Shiro, if your main motivation for aiming at accreditation is the "fear that the kids are going to be testing [you] and laughing at [you] for [your] lack of knowledge in grammer," you might want to consider that most new teachers with four-year degrees here begin with very young children and move their way up through the age ladder, adding to their Tholean Web of grammar knowledge little by little as they go. You'll have time to prepare, class by class, day by day, and a lot of what you'll need to know will be in the teacher's manuals for the coursebooks you use. Regardless, you should never have to feel backed into a corner by a grammar question. Chances are that if a student asks you for a rule regarding structure that you can't furnish right away, then that sought-after rule is likely fraught with exceptions. Even what you think is the most basic 'rule' can make a liar out of you. You know to correct "Dog's hungry" with "The dog's hungry" because that's just what people say when there's a specific, commonly understood subject... hey, or do they? Hmmm, people do say "Dog's hungry, gotta feed it, be right back," and "Car won't start." These statements are entirely acceptable in spoken and literary discourse. If a student asks you an incisive question, tell her what you've heard, read and/or used. If she hypothesizes usage that's 'grammatically correct' but sounds like it came through a wormhole from the Delta Quadrant, just say it could be right but you've never heard it before. You'll have more than enough time to check out real instances of use from a language database (or get input from the thousands and thousands of other English teachers online) and come back next class with enough information to make you look majorly impressive.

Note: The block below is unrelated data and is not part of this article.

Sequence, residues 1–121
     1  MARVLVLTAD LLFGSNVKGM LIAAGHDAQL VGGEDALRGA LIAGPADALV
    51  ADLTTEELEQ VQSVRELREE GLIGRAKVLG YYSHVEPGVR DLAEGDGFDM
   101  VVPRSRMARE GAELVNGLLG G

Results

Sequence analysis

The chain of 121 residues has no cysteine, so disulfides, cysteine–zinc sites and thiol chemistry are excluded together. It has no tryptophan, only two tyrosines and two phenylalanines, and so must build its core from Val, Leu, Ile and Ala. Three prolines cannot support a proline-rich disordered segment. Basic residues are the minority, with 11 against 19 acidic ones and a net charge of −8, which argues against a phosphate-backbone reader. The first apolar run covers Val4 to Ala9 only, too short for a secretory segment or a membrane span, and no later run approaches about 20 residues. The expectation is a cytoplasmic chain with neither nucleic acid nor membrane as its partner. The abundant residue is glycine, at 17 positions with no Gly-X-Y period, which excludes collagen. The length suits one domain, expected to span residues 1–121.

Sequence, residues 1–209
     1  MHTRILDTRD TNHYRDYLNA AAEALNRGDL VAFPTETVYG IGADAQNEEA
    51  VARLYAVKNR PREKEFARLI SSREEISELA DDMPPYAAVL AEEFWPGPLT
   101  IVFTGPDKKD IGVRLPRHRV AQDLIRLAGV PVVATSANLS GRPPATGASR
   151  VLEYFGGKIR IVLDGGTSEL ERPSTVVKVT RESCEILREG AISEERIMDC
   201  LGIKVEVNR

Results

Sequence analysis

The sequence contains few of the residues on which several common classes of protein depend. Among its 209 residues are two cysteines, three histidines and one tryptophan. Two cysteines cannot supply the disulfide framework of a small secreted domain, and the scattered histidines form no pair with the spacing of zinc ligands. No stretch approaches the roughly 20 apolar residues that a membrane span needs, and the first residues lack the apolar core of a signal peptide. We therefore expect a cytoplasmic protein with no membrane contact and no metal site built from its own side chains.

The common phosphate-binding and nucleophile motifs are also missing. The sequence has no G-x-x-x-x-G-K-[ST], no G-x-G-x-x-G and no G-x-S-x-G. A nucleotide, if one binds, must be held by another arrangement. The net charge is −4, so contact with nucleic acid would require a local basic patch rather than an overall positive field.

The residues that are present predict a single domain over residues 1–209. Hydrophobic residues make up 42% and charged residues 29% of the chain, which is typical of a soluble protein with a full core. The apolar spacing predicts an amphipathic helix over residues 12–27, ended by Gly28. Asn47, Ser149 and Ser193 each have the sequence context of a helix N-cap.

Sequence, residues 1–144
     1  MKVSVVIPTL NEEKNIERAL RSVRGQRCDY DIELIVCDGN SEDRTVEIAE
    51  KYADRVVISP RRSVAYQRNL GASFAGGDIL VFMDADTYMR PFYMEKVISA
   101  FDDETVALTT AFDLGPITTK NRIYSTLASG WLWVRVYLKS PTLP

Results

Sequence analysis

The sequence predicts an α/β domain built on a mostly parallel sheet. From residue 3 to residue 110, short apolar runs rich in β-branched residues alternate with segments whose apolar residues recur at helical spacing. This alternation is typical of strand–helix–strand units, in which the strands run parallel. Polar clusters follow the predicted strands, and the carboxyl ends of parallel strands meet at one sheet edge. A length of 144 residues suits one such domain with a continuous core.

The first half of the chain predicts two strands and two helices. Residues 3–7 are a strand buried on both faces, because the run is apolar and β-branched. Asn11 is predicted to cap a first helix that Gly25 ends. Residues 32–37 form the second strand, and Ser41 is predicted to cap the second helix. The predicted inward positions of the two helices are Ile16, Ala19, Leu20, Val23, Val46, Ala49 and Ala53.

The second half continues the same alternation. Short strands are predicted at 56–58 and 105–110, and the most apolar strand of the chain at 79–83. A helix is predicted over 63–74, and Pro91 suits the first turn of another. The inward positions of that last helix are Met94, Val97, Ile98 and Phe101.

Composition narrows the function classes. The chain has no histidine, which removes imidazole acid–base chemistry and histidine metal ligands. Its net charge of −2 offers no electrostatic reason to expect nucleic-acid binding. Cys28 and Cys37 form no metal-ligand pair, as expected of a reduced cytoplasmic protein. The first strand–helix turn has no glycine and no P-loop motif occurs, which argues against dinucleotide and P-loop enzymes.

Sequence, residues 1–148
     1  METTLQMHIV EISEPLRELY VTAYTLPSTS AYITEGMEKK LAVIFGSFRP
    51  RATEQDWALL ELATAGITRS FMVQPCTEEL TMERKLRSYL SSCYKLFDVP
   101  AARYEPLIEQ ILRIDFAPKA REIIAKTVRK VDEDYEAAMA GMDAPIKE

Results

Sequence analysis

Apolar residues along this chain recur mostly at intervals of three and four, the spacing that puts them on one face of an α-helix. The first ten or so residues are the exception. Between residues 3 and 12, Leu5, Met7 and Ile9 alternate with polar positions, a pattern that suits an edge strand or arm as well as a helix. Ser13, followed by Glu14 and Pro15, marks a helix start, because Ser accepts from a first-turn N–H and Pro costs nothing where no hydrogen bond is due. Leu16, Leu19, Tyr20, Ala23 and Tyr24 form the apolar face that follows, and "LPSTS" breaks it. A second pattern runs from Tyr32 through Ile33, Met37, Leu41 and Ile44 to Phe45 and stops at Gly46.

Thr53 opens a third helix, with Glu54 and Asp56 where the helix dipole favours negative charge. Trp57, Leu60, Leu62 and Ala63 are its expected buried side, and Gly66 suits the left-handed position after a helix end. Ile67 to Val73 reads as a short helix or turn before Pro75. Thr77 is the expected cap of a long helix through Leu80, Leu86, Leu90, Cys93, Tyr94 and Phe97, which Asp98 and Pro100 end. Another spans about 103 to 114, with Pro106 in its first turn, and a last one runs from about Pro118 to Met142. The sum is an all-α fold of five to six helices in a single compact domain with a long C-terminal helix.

I surmise a bigger challenge than grammar for you coming out of the gate might be that of classroom management. The debate rages over how much and what kind of control and structure you should impose on your students and your classes, but my feeling is that, at least in the beginning, a lot beats not enough. Now, I'm not the edumacated type (as is obvious, everything I needed to know about life I learned from Star Trek), so I can't tell you how much or how little you can learn about managing students and classes by going to school. Perhaps some of the others here in this forum have some experience and/or knowledge about this?
Also, if you get ESL/EFL education, you'll become acquainted immediately with issues relating to methodology, phonetics, etc., which may or may not save you trial-and-error time on the job. A lot of people have gone right from an undergrad program into teaching, and of these many have never felt the need to return to school. Others have saved up their quatloos for accreditation by teaching, and I dare say these folks know much more of what they're talking about than those going into such courses cold.
Keep your options open, but if you're serious about getting certification for language teaching, you should probably get at least a Master's Degree. That way (should you ever want) you could even get a full-time post at a college. I forget exactly on which Star Date those Universal Language Translators are due to be developed, but I think it's safe to say it won't be in our lifetimes, so it seems likely that, at least somewhere in the world, you'll always have English teaching to fall back on. You could do worse than get credentials saying you can do something for which there'll always be a demand...